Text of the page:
The above list of acquired ADHD served us well for more than two decades. If a student’s ADHD could be traced to its genetic heritage, we were always able to find the amazing ability behind the learning disability.

However, in cases of acquired ADHD, we could not find any gift of ADHD. In those cases, our students succeeded because we were able to provide a safe and supportive environment.

3. Does your child have part-time ADHD?

Thomas Edison was not just inquisitive, energetic, and self-centered when in school, but also at home. Most ADHD children will display the characteristics whether they are with others or alone.

Parents who are investigating their child’s ADHD characteristics might “spy” on their youngster when he or she is alone. Does the child exhibit the same ADHD traits when it is away from any distractions and others?

Observing a child in different situations might provide insights into whether the child is reacting to environmental triggers. Parents might also notice what kind of activities affect ADHD characteristics in a negative or positive way.

One of the interesting observations we made with new students at our Academy was that their “ADHD” restless behavior (stretching in the chair, fidgeting, etc.) became initially “contagious” to our long-time students.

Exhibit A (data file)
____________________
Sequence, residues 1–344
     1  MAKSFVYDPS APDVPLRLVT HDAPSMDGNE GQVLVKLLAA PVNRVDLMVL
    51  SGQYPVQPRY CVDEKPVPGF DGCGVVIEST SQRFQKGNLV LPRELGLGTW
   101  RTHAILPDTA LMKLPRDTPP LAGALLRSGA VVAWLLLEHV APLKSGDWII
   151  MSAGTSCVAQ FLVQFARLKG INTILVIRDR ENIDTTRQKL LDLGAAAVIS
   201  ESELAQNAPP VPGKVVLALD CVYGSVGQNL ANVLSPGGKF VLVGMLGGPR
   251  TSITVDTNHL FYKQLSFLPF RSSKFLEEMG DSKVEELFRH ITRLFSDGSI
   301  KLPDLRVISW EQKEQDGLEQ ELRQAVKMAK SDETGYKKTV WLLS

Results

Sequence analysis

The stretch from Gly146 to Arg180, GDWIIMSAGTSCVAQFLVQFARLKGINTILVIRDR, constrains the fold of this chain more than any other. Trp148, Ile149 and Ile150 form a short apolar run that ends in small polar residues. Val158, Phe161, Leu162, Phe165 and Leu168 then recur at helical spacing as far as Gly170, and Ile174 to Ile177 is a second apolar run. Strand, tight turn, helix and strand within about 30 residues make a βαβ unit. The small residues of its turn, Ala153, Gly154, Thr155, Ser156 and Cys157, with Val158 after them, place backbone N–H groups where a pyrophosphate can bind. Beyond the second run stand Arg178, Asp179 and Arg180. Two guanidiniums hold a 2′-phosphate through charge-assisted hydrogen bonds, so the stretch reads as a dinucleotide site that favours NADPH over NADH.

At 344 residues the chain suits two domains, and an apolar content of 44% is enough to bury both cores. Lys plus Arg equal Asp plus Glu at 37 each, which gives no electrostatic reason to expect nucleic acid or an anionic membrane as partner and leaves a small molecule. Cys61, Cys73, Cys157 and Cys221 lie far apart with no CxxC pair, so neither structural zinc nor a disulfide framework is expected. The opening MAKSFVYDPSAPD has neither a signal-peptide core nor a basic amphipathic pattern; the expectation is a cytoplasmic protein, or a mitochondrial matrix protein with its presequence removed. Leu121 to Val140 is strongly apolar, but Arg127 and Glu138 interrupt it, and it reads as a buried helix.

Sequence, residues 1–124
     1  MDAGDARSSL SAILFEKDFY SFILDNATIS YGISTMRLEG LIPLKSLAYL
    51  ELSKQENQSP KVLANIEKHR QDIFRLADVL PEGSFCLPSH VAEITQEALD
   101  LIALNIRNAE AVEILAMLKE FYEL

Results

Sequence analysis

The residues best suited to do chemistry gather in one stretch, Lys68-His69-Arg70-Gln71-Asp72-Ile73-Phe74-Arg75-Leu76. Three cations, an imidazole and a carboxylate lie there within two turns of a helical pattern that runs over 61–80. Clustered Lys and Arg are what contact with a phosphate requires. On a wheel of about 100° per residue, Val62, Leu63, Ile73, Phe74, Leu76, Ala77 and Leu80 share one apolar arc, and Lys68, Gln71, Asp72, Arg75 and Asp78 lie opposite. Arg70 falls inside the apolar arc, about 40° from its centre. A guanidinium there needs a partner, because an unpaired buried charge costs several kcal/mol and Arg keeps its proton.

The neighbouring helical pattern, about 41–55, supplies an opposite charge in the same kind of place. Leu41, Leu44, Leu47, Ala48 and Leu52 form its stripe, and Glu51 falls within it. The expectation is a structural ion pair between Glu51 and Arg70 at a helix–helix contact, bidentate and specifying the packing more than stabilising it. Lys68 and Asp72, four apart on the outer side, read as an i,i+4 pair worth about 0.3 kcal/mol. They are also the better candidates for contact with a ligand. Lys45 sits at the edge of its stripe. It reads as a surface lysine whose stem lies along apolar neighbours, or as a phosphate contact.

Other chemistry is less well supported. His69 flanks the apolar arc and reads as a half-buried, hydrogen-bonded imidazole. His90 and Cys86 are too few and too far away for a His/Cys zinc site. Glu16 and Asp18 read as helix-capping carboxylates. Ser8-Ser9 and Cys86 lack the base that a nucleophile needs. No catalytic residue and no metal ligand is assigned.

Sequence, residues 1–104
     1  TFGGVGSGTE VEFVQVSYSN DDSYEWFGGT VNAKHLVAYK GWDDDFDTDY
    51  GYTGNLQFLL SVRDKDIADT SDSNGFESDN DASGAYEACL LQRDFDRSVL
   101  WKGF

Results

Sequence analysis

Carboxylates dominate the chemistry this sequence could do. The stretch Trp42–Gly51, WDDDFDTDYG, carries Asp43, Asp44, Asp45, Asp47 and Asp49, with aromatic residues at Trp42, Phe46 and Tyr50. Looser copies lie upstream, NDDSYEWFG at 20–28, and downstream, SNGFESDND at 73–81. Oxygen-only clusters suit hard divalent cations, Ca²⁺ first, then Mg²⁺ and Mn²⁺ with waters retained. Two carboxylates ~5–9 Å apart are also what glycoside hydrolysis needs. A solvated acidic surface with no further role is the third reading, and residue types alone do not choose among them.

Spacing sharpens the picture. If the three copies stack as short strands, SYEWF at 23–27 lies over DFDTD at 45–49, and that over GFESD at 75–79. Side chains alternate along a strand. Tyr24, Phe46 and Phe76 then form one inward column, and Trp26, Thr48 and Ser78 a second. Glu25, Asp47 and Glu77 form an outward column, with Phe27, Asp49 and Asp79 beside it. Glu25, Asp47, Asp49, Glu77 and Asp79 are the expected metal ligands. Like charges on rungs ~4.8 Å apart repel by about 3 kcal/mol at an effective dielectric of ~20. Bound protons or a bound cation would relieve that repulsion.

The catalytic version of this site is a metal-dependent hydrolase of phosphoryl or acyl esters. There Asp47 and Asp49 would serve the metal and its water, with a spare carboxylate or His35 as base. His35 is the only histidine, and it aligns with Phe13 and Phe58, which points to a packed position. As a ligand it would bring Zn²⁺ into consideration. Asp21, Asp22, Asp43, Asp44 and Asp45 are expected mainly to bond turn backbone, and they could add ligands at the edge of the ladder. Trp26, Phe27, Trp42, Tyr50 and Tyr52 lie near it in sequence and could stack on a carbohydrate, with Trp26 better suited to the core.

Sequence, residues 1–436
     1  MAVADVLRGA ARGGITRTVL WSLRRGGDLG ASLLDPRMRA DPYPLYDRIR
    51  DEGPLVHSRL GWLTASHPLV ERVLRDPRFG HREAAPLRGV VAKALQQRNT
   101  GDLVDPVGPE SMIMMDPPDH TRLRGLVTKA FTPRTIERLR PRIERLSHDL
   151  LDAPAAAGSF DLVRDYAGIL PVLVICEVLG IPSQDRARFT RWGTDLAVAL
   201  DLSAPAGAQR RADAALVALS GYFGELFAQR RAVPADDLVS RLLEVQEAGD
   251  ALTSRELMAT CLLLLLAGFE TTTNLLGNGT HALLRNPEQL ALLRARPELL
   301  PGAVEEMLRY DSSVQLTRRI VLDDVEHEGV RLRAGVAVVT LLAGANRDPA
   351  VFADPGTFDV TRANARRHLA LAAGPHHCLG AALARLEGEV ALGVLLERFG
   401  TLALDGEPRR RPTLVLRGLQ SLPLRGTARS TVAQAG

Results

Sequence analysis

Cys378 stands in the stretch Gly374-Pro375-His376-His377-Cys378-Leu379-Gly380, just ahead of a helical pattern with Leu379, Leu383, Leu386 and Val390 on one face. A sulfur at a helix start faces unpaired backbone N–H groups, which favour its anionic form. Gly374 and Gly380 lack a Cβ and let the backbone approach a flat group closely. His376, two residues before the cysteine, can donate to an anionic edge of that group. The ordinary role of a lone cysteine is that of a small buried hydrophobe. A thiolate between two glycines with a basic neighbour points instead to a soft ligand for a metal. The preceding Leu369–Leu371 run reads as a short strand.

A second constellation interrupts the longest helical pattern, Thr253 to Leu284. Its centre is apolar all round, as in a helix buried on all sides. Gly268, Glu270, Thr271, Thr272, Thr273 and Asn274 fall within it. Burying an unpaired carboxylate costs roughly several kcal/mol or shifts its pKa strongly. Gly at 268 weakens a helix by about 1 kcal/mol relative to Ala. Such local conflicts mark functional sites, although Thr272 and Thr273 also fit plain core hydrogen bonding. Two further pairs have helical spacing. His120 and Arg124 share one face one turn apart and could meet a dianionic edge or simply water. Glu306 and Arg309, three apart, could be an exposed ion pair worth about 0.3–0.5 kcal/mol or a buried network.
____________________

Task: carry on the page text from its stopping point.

Children watch and mimic other children. Once a child sees someone else stretch, fidget, and play with things, it tries the same behavior. If an adult does not modify the behavior, it quickly turns into a bad habit. Neuroplasticity plays a big part in how a child’s brain assimilates those habits.

Additional observations about ADHD

ADHD in other parts of the world

Our Academy did not only provide an international curriculum, but also international teachers. Since the numbers of children diagnosed with ADHD in Europe are increasing every year, we wanted to share a few observations about Germany.

In contrast to the United States, children in Germany do not begin school until the age of 6 or 7. From age 2 until school entrance, children go to the Kindergarten (garden for the children) where they play, sing, do practical hands-on fun activities, and interact with other children.

Academic instruction like math or reading does not begin for the children until they go to elementary school. If a child is born in September, the child does not go to school until the age of 7.